FRACTURE OF DISTAL HUMERUS
In adults, fractures of the distal humerus often require surgical fixation because they are usually caused by a high-energy injury and frequently are comminuted and/or intra-articular in location. Fracture patterns include supracondylar, transcondylar, intercondylar (T or Y), lateral or medial condyle, or epicondyle and isolated capitellar or trochlear fractures. Intra-articular fractures may be difficult to adequately assess on plain radiographs; therefore, CT scans may be needed.
Surgical fixation can be with plates and screws, or screws alone, depending on the particular fracture pattern. Joint replacement has also become an option for distal humerus fractures that may be too comminuted to be stabilized with plates and screws.
Complex Intra-articular Fractures
Comminuted intra-articular fractures of the distal humerus are among the more challenging orthopedic injuries, and their reconstruction requires considerable surgical skill (see Plate 2-21). The major complications include restricted elbow motion and early degenerative joint disease.
Surgical fixation of comminuted intra-articular fractures can be problematic: the distal fragments are small, minimizing the number of available screw sites, and the fragments are primarily cancellous bone, which compromises screw purchase. In addition, the surface of the distal fracture fragments is primarily articular cartilage, which must be protected, and the complex topography of this region can make reconstruction of the normal anatomy difficult.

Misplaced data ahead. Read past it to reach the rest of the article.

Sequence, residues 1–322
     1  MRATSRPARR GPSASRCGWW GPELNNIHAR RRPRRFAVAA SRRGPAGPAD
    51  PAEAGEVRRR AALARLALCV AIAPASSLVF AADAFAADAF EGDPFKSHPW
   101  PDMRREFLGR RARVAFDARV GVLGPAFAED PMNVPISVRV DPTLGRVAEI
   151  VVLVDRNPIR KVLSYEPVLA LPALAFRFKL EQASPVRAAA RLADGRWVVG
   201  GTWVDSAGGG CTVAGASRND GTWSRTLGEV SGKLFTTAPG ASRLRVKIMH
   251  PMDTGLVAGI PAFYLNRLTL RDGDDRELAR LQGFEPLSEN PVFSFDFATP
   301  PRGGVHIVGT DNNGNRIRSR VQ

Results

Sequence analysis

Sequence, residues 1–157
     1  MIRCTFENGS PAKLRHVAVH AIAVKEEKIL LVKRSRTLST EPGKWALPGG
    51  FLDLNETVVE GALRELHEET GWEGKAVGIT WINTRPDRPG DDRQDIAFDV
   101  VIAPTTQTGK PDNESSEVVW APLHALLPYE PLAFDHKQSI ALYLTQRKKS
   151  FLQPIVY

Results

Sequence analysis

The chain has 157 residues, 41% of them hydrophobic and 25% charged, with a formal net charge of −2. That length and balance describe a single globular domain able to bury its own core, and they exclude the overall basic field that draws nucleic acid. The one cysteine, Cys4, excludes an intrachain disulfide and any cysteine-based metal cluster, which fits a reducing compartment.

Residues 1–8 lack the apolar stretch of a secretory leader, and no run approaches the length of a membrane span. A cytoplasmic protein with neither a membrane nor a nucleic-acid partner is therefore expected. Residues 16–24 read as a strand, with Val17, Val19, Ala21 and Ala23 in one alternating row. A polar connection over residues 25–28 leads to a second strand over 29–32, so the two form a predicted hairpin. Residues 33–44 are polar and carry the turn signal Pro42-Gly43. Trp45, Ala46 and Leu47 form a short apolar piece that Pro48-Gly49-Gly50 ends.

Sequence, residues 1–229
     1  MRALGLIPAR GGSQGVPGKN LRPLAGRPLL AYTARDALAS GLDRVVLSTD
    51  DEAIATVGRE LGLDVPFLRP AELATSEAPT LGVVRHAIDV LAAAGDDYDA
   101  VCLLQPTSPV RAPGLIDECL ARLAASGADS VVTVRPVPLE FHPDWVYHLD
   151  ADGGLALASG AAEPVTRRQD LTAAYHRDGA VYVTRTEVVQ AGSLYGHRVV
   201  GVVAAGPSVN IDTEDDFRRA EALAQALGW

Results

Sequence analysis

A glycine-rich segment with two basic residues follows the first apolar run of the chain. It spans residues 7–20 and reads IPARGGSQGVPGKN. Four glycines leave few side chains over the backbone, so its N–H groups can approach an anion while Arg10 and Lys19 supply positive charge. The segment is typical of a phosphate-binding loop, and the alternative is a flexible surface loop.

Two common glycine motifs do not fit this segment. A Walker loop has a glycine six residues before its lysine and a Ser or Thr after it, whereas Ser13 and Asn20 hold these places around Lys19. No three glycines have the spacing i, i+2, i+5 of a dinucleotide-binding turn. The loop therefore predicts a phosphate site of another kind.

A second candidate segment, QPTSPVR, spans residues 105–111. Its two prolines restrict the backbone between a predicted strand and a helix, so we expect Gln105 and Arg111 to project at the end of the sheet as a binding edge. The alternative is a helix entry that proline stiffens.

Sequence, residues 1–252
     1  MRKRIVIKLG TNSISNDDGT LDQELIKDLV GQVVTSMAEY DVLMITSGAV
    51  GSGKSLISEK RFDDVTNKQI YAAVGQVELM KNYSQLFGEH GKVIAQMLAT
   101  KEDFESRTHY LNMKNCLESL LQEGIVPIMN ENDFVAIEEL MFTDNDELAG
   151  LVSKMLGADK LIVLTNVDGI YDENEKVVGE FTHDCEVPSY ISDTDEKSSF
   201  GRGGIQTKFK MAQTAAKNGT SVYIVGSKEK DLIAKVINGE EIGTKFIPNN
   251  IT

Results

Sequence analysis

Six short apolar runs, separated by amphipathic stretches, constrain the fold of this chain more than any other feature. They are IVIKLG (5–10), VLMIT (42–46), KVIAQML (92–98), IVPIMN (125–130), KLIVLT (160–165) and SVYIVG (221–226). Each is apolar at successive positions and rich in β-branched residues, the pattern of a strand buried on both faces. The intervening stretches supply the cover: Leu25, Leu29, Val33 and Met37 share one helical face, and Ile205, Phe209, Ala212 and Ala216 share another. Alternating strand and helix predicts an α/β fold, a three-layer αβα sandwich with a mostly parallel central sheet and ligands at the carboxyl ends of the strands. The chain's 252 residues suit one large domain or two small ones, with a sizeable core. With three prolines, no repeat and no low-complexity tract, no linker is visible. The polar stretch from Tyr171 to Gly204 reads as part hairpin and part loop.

The structure of the distal humerus is conceptualized as two bony columns diverging from the shaft. The medial column includes the medial pillar of the distal humerus, the medial condyle and epicondyle, and the trochlea. The lateral column includes the lateral pillar of the distal humerus, the lateral epicondyle and condyle, and the capitellum. To approach and fix intra-articular fractures of the distal humerus, an intra-articular osteotomy of the olecranon is usually performed and the olecranon and the aponeurosis of the triceps brachii muscle are reflected proximally, exposing the entire distal humerus (see Plate 2-21). The ulnar nerve is also identified and typically transposed as part of the surgical approach. Internal fixation of the distal humerus first involves reconstructing the articular surface and holding the fragments together with transverse Kirschner wires or lag screws. The articular surface is then reattached to the shaft with plates and screws to provide stability in both the anteroposterior and mediolateral planes. Current techniques utilize bicondylar plating with precontoured plates that match the anatomy of the distal humerus. Bicondylar plating can be performed with the plates at right angles to one another (medial plate and posterolateral plate) or straight across from one another (medial plate and lateral plate). The olecranon is reattached with a precontoured plate to fit the olecranon or a tension band wire (see Plate 2-21). Newer surgical approaches have been developed and are now being utilized that avoid the need for an olecranon osteotomy while still providing enough visualization of the distal humerus from appropriate fixation. This can speed up recovery after surgery and avoids the risk of developing a nonunion at the osteotomy site.